- K. Yamaguchi, K. Ditsios, W. D. Middleton, C. F. Hildebolt, L. M. Galatz, and S. A. Teefey, “The demographic and morphological features of rotator cuff disease: a comparison of asymptomatic and symptomatic shoulders,” Journal of Bone and Joint Surgery A, vol. 88, no. 8, pp. 1699–1704, 2006.
- C. Milgrom, M. Schaffler, S. Gilbert, and M. Van Holsbeeck, “Rotator-cuff changes in asymptomatic adults. The effect of age, hand dominance and gender,” Journal of Bone and Joint Surgery B, vol. 77, no. 2, pp. 296–298, 1995.
- D. G. Duckworth, K. L. Smith, B. Campbell, and F. A. Matsen, “Self-assessment questionnaires document substantial variability in the clinical expression of rotator cuff tears,” Journal of Shoulder and Elbow Surgery, vol. 8, no. 4, pp. 330–333, 1999.
- M. Zanetti, B. Jost, J. Hodler, and C. Gerber, “MR imaging after rotator cuff repair: full-thickness defects and bursitis-like subacromial abnormalities in asymptomatic subjects,” Skeletal Radiology, vol. 29, no. 6, pp. 314–319, 2000.
- H. Ellman, “Surgical treatment of rotator cuff rupture,” in Surgical Disorders of the Shoulder, M. S. Watson, Ed., pp. 283–291, Churchill Livingstone Company, London, UK, 1991.
- H. Sano, H. Ishii, G. Trudel, and H. K. Uhthoff, “Histologic evidence of degeneration at the insertion of 3 rotator cuff tendons: a comparative study with human cadaveric shoulders,” Journal of Shoulder and Elbow Surgery, vol. 8, no. 6, pp. 574–579, 1999.
- H. K. Uhthoff and H. Sano, “Pathology of failure of the rotator cuff tendon,” Orthopedic Clinics of North America, vol. 28, no. 1, pp. 31–41, 1997.
- D. Liem, S. Lichtenberg, P. Magosch, and P. Habermeyer, “Magnetic resonance imaging of arthroscopic supraspinatus tendon repair,” Journal of Bone and Joint Surgery A, vol. 89, no. 8, pp. 1770–1776, 2007.
- L. M. Galatz, C. M. Ball, S. A. Teefey, W. D. Middleton, and K. Yamaguchi, “The outcome and repair integrity of completely arthroscopically repaired large and massive rotator cuff tears,” Journal of Bone and Joint Surgery A, vol. 86, no. 2, pp. 219–224, 2004.
- L. Lafosse, R. Brozska, B. Toussaint, and R. Gobezie, “The outcome and structural integrity of arthroscopic rotator cuff repair with use of the double-row suture anchor technique,” Journal of Bone and Joint Surgery A, vol. 89, no. 7, pp. 1533–1541, 2007.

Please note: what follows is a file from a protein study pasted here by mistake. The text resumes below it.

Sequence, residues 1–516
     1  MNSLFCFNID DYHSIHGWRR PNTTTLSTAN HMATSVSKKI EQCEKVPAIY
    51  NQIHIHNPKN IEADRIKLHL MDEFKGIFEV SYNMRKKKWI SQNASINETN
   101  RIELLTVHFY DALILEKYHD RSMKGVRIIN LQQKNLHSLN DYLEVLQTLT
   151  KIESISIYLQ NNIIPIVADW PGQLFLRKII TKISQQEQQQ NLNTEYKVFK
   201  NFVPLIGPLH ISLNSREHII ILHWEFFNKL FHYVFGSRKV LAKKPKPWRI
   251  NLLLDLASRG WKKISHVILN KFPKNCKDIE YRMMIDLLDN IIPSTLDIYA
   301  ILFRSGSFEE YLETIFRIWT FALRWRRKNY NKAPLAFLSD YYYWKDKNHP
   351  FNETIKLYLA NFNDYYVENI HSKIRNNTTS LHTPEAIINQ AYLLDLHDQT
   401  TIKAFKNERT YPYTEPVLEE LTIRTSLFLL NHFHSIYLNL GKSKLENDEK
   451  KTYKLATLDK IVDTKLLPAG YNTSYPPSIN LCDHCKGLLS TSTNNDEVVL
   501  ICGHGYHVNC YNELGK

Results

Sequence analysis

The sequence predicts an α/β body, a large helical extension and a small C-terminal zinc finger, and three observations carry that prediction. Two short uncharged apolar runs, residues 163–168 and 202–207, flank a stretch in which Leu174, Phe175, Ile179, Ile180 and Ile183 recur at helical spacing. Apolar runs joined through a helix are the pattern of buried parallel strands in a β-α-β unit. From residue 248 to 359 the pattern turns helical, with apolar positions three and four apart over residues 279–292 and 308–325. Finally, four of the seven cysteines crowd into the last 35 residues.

- S. Wakitani, T. Goto, S. J. Pineda et al., “Mesenchymal cell-based repair of large, full-thickness defects of articular cartilage,” Journal of Bone and Joint Surgery A, vol. 76, no. 4, pp. 579–592, 1994.
- W. G. Wang, S. Q. Lou, X. D. Ju, K. Xia, and J. H. Xia, “In vitro chondrogenesis of human bone marrow-derived mesenchymal progenitor cells in monolayer culture: activation by transfection with TGF-β2,” Tissue and Cell, vol. 35, no. 1, pp. 69–77, 2003.
- Y. Koike, G. Trudel, and H. K. Uhthoff, “Formation of a new enthesis after attachment of the supraspinatus tendon: a quantitative histologic study in rabbits,” Journal of Orthopaedic Research, vol. 23, no. 6, pp. 1433–1440, 2005.
- M. J. Silva, T. M. Ritty, K. T. Ditsios, and et.al., “Morphological, cellular, and biomechanical changes in flexor tendon following insertion site injury,” Transactions of Orthopaedic Res Society, vol. 28, article 797, 2003.
- P. O. Bagnaninchi, Y. Yang, M. Bonesi et al., “In-depth imaging and quantification of degenerative changes associated with Achilles ruptured tendons by polarization-sensitive optical coherence tomography,” Physics in Medicine and Biology, vol. 55, no. 13, pp. 3777–3787, 2010.
- P. Cernohorsky, D. M. de Bruin, M. van Herk, et al., “In-situ imaging of articular cartilage of the first carpometacarpal joint using co-registered optical coherence tomography and computed tomography,” Journal of Biomedical Optics, vol. 17, no. 6, Article ID 060501, 2012.
- D. Aletaha, T. Neogi, and A. J. Silman, “2010 Rheumatoid arthritis classification criteria: an American College of Rheumatology/European League Against Rheumatism collaborative initiative,” Annals of the Rheumatic Diseases, vol. 69, no. 10, article 1580, 2010.
- E. Suresh, “Recent advances in rheumatoid arthritis,” Postgraduate Medical Journal, vol. 86, no. 1014, pp. 243–250, 2010.
- R. Landewé, “Predictive markers in rapidly progressing rheumatoid arthritis,” Journal of Rheumatology, vol. 34, no. 80, pp. 8–15, 2007.
- R. F. von Vollenohower, “Treatment of rheumatoid arthritis: state of the art,” Nature Reviews Rheumatology, vol. 5, no. 10, pp. 531–541, 2009.
- K. G. Saag, G. G. Teng, N. M. Patkar, et al., “Recommendations for the use of nonbiologic and biologic disease modifying anti-rheumatic drugs in RA,” Arthritis & Rheumatism, vol. 59, pp. 762–784, 2008.
- K. Zheng, M. A. Rupnik, B. Liu, and M. E. Brezinski, “Three dimensional oct in the engineering of tissue constructs: a potentially powerful tool for assessing optimal scaffold structure,” Open Tissue Engineering and Regenerative Medicine Journal, vol. 2, pp. 8–13, 2009.
- J. Rogowska, N. A. Patel, J. G. Fujimoto, and M. E. Brezinski, “Optical coherence tomographic elastography technique for measuring deformation and strain of atherosclerotic tissues,” Heart, vol. 90, no. 5, pp. 556–562, 2004.
- J. Rogowska, N. Patel, S. Plummer, and M. E. Brezinski, “Quantitative optical coherence tomographic elastography: method for assessing arterial mechanical properties,” British Journal of Radiology, vol. 79, no. 945, pp. 707–711, 2006.
- M. E. Brezinski and B. Liu, “Nonlocal quantum macroscopic superposition in a high-thermal low-purity state,” Physical Review A, vol. 78, no. 6, Article ID 063824, 2008.
- M. E. Brezinski, “Nonlocal quantum correlations: beyond entanglement,” In press, http://arxiv.org/abs/1209.1081.